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USEFULNESS OF A NONEXPERIMENTAL STUDY DESIGN IN THE EVALUATION OF SERVICE DEVELOPMENTS FOR INFANT-FEEDING IN A GENERAL-HOSPITAL

BRUCE, N; GRIFFIOEN, A; (1995) USEFULNESS OF A NONEXPERIMENTAL STUDY DESIGN IN THE EVALUATION OF SERVICE DEVELOPMENTS FOR INFANT-FEEDING IN A GENERAL-HOSPITAL. SOC SCI MED , 40 (8) 1109 - 1116.

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Abstract

There are likely to be many situations in which it is not possible to use a randomized controlled trial (RCT) for the evaluation of local service developments, and the usefulness of non-experimental study designs need to be assessed. This is examined with reference to a study carried out to evaluate the appointment of a baby feeding adviser (BFA) and other policy changes for infant feeding at a district general hospital (DGH). Surveys of Maternity Unit staff attitudes and practices, and of mothers' experiences were carried out in 1988 (prior to the changes) and afterwards in 1990. Service changes were; appointment of a BFA, removal from the postnatal wards of dextrose, seminars on baby feeding for midwifery staff, and a reduction of night-only shifts. There was no change in the initial breast feeding rate of about 80%, but there was an increase in breast feeding at 6 weeks postnatally from 57% (95% CI; 51-64) to 64% (95% CI; 59-69); P=0.15. The percentage of women who stopped breast feeding by 6 weeks fell from 30% in 1988 to 22% in 1990; P=0.11. Mothers who did not see the BFA (1990 only) were significantly less likely to begin breast feeding (P=0.03), independent of social class and age, but a similar association was not seen at 6 weeks. There were significant reductions in the percentage of midwifery staff viewing feeding policy as unimportant (P=0.02), and in the use of supplements for breast-fed babies (P<0.001). Women having Caesarian sections were more likely to give up breast feeding in 1988 and in 1990, and this was partly explained by continued use of supplements. It is concluded that the service initiatives have been associated with some favourable changes in attitudes and practices of staff, and in the outcome for mothers and babies as measured by breast feeding at 6 weeks and satisfaction with advice. The limitations and value of the study design are discussed in the light of the results. While cause and effect will inevitably remain difficult to establish in a non-experimental situation, there are some characteristics of the study which aid interpretation. Of particular importance is the observation that some key social and service factor associations persisted after the intervention, thereby highlighting issues requiring continued attention.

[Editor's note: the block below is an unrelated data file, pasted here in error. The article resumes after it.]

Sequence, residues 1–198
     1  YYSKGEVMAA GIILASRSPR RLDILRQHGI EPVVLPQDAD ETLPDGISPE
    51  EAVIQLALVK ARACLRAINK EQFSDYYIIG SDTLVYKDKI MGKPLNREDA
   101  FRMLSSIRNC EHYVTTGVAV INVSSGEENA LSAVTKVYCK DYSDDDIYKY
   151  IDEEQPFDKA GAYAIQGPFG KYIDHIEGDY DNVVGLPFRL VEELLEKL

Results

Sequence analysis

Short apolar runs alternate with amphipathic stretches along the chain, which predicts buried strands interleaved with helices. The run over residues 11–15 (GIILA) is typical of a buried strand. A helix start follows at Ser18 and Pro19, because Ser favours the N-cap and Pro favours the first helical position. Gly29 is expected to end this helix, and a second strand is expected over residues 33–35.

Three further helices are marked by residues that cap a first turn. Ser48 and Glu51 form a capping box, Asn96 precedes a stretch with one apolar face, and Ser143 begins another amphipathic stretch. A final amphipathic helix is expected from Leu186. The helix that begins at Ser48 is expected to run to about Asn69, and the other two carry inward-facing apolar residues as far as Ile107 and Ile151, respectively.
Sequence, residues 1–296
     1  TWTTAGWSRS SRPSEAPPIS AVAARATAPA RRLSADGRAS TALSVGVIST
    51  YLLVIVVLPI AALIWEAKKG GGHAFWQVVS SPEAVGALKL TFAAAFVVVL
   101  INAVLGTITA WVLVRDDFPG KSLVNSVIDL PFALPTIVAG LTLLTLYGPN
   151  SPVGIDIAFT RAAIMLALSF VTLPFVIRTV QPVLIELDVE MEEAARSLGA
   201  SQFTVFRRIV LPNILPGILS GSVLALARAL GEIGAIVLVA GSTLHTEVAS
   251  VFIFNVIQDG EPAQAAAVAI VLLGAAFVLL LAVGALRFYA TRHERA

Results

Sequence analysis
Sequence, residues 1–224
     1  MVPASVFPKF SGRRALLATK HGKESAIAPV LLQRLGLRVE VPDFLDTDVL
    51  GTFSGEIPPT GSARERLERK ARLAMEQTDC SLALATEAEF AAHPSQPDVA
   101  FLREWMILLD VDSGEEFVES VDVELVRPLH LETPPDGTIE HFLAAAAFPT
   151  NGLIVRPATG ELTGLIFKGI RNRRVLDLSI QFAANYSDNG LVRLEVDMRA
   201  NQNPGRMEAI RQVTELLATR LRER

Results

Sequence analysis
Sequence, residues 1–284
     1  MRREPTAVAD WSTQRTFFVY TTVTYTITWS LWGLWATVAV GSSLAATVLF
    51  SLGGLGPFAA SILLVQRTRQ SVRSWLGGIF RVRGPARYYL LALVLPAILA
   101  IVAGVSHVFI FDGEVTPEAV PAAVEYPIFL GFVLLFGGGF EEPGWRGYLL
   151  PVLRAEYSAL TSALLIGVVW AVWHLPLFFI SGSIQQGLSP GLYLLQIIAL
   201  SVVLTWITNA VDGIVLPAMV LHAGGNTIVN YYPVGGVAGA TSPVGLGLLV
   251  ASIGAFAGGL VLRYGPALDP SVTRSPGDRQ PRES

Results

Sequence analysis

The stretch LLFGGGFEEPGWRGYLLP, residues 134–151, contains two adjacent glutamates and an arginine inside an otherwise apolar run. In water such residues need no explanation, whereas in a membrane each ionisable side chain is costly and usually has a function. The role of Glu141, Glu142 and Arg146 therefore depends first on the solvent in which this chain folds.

Type: Article
Title: USEFULNESS OF A NONEXPERIMENTAL STUDY DESIGN IN THE EVALUATION OF SERVICE DEVELOPMENTS FOR INFANT-FEEDING IN A GENERAL-HOSPITAL
Keywords: BABY FEEDING, EVALUATION, SERVICE DEVELOPMENT, POLICY, STAFF PRACTICES, STUDY DESIGN
UCL classification: UCL > Provost and Vice Provost Offices
UCL > Provost and Vice Provost Offices > School of Life and Medical Sciences
UCL > Provost and Vice Provost Offices > School of Life and Medical Sciences > Faculty of Medical Sciences
UCL > Provost and Vice Provost Offices > School of Life and Medical Sciences > Faculty of Medical Sciences > Cancer Institute
UCL > Provost and Vice Provost Offices > School of Life and Medical Sciences > Faculty of Medical Sciences > Cancer Institute > Research Department of Haematology
URI: http://discovery.ucl.ac.uk/id/eprint/73262
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